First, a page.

The diseases that took the life of the previous emperor, Huayna Capac, spread throughout Peru over the next years, making the conquest of the region that much easier. 

Spain ruled Peru for almost 300 years until it finally became independent in the early 19th century. 

During that time, Peru was the greatest source of silver for the Spanish Empire and was the driving force behind the Manila Gaellon trade across the Pacific with China. 

The Battle of Cajamarca was the effective end of the Incan Empire, the greatest such empire in the New World. It opened the way for the Spanish conquest of the rest of the continent, all the way down to Tierra del Fuego.

Pizarro managed to defeat a massively larger force with an absurdly small number of men. He managed to do this via a sizable advantage in technology, and a whole lot of deception. 

The Battle of Cajamarca wasn’t a great battle in terms of the number of combatants, but it was an incredibly significant battle insofar as its outcome shaped world history.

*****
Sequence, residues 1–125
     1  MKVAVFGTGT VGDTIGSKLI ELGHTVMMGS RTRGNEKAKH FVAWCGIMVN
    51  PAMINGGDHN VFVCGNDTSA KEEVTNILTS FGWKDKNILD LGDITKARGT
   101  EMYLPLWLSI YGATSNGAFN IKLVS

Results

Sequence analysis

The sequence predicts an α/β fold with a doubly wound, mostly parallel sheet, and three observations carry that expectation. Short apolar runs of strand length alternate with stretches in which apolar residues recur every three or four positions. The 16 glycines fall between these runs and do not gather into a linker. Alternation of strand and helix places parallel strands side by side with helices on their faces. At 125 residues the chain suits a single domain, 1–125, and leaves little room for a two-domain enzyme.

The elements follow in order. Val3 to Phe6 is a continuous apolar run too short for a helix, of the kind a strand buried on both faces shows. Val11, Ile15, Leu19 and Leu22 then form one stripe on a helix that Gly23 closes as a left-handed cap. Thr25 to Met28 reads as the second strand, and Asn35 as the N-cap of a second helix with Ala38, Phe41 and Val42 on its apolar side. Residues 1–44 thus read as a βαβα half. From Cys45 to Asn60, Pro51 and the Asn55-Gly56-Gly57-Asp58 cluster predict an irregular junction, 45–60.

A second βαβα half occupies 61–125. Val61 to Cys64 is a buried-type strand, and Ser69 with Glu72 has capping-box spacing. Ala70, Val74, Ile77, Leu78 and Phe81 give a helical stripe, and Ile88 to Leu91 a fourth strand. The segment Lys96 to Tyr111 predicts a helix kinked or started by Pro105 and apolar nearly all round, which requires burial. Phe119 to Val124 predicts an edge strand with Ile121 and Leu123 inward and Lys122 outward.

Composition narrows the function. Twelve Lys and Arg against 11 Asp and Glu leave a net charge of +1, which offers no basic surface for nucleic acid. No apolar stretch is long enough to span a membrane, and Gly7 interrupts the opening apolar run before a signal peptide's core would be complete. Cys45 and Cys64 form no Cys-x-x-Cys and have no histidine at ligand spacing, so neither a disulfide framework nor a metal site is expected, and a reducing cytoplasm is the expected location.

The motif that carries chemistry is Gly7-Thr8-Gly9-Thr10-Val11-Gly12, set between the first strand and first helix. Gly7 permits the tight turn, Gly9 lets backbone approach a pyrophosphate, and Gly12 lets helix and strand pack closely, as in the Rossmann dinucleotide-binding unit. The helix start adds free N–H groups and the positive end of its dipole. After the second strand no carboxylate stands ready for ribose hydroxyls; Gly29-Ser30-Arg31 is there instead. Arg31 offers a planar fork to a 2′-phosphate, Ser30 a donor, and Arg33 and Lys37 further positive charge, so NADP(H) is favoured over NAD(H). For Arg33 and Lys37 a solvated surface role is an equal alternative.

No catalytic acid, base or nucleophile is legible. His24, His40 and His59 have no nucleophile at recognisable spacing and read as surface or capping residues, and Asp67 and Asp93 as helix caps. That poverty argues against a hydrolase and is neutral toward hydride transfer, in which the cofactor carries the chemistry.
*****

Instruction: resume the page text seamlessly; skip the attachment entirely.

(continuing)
The Executive Producer of Everything Everywhere Daily is Charles Daniel. 

The associate producers are Peter Bennett and Cameron Kieffer. 

Today’s review comes from listener happy_camper13 on Apple Podcasts in the United States. They write:


This is my new favorite educational podcast. I really appreciate that the information given is unbiased and doesn’t inject any modern politics into the stories, especially the historical ones. The host is very articulate and knowledgeable as well.

I especially enjoyed the episodes covering the events surrounding the First World War. I have studied quite a bit during that period but have still learned a lot of new things.

I highly recommend the episodes on Saint-Denis, the Enigma Code, and the Maginot Line in particular.

Thanks, HappyCamper! I’m always amazed when people tell me what their favorite episodes are because they are always different. I’ve had people suggest that I should figure out what the most popular episodes are and do more of those, but the truth is, there is no most popular episode. 

So, if anyone wonders why I don’t do more episodes on any particular topic, it is because every episode seems to be someone’s favorite episode

Remember that if you leave a review or send me a boostagram, you too can have it read on the show